In considering the operation, it will be initially assumed that a fluid is passed through the apparatus in which a gas, such as air, is dissolved and which it is desired to release or separate out from the fluid itself. More specifically, the fluid enters cavity via hose 12a and piping 11a and it leaves or exists from the cavity via piping 11b and hose 12b. At the same time that fluid flows through cavity 15, electrical power at an ultrasonic frequency is fed through element 13 to transducers 22a and 22b. As a result and in accordance with wellknown principles, transducers 22a and 22b are caused to vibrate at the same ultra-sonic frequency and these vibrations are transferred through plate and insulation 21 to the walls of cavity 15. Since the fluid is flowing through the cavity, this acoustical or ultra-sonic power is ultimately transferred to the fluid. In consequence thereof, the dissolved gas is caused to be released from the fluid and, when this happens, the bubbles of gas rise and thereafter collect in the proximity of valve 14 which opens to permit the gas to escape into the atmosphere when the gas pressure in the cavity has sufficiently built up. As previously stated, knowing the characteristics of the fluid, the operating frequency is selected so as to acoustically match the cavity and fluid combination to the transducer power output unit in order to provide for optimum efliciency.

In the event miscible liquids are passed through the apparatus and it is desired to separate one liquid from another, the operation is substantially the same with the exception that the magnitude of the power fed to the system is more accurately controlled. The reason for this is that different liquids cavitate at different power levels as is well known by those skilled in the acoustical arts. Accordingly, in order to separate the liquids from each other, the magnitude of the power fed to the cavity is between the cavitation levels of the two liquids. As a result, the liquid having the lower cavitation level is thereby vaporized, the vapor rising to the vicinity of valve 14 through which it ultimately escapes as previously described in connection with the gas. Here again, although not absolutely essential, it is nevertheless desirable to provide an acoustical match in order to operate with maximum efficiency.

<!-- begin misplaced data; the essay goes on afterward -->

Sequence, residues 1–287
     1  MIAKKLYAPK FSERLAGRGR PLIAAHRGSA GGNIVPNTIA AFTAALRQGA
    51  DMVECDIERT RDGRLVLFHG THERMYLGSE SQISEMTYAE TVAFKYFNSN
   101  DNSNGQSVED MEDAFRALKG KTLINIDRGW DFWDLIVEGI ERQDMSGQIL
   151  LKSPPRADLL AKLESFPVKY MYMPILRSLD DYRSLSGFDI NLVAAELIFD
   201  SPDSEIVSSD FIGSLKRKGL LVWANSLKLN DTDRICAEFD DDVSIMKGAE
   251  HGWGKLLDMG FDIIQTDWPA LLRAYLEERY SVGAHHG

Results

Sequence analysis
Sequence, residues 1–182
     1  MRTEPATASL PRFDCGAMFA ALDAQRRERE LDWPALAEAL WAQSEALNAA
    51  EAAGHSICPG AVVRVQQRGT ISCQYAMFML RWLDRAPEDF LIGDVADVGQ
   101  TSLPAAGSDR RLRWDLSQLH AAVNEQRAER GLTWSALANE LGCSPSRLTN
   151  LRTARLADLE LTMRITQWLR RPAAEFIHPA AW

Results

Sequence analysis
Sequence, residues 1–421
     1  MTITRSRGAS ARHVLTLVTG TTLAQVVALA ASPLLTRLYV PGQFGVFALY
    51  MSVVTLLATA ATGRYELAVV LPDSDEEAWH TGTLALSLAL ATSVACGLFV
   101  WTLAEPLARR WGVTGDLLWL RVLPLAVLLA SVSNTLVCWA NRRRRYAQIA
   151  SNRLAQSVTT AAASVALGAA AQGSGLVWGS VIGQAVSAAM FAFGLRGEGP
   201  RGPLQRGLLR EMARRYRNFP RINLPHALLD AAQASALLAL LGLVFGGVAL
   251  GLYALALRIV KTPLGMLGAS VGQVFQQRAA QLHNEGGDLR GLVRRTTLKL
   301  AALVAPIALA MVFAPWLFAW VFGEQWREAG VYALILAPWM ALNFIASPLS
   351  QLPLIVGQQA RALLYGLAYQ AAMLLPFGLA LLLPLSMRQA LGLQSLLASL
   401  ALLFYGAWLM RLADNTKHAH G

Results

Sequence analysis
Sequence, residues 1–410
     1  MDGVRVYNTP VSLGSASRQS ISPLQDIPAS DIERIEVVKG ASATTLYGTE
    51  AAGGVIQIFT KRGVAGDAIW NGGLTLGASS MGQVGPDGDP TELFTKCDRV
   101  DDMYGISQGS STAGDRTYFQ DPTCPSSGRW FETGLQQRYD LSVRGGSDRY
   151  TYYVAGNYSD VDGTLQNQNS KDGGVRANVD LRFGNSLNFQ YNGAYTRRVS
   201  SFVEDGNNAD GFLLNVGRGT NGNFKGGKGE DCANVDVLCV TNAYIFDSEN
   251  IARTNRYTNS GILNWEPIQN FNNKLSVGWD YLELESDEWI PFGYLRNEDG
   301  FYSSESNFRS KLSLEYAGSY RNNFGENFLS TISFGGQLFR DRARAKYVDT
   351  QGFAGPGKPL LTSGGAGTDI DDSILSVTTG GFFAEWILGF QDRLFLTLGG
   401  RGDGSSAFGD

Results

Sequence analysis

Although a particular embodiment of the invention has been illustrated and described above by way of example, it is not intended that the invention be limited thereto. Accordingly, the invention should be considered to include any and all modifications, alterations or equivalent arrangements falling within the scope of the annexed claim.

Having thus described the invention, what is claimed is:

Fluid-separator apparatus comprising: coaxially aligned inlet and outlet pipes; a structure completely enclosing a resonant cavity between its walls mounted between said pipes which respectively connect with said cavity on opposite ends thereof; a mixture of two fluids flowing continuously through said cavity from said inlet pipe to said outlet pipe; means mechanically coupled to said structure for separating one of said fluids from the other in said cavity, said means including a rigid substantially fiat plate rigidly mounted on said resonant cavity structure and forming the bottom side thereof, and transducers rigidly mounted on the bottom side of said plate for applying ultrasonic power through the plate to said structure and the fluids therein at a frequency for optimum power transfer to said fluids, whereby one fluid constituent is separated in gaseous form from the other fluid; and an escape valve mounted in and extending through the top wall of said structure, said valve connecting directly with said cavity and including means to permit the gas to escape therefrom and to prevent gas from flowing back into said cavity.

References Cited by the Examiner UNITED STATES PATENTS 2,864,502 12/1958 May 21019 X 3,044,236 7/1962 Bearden et al. -277 X 3,109,721 11/1963 Zenner et al. 5515 3,151,958 10/1964 Bodine 5515 3,200,567 8/1965 May 55277 X FOREIGN PATENTS 927,144 4/ 1955 Germany.

ROBERT F. BURNETT, Primary Examiner. D. K. DENENBERG, Assistant Examiner.

Patent Citations
Cited PatentFiling datePublication dateApplicantTitle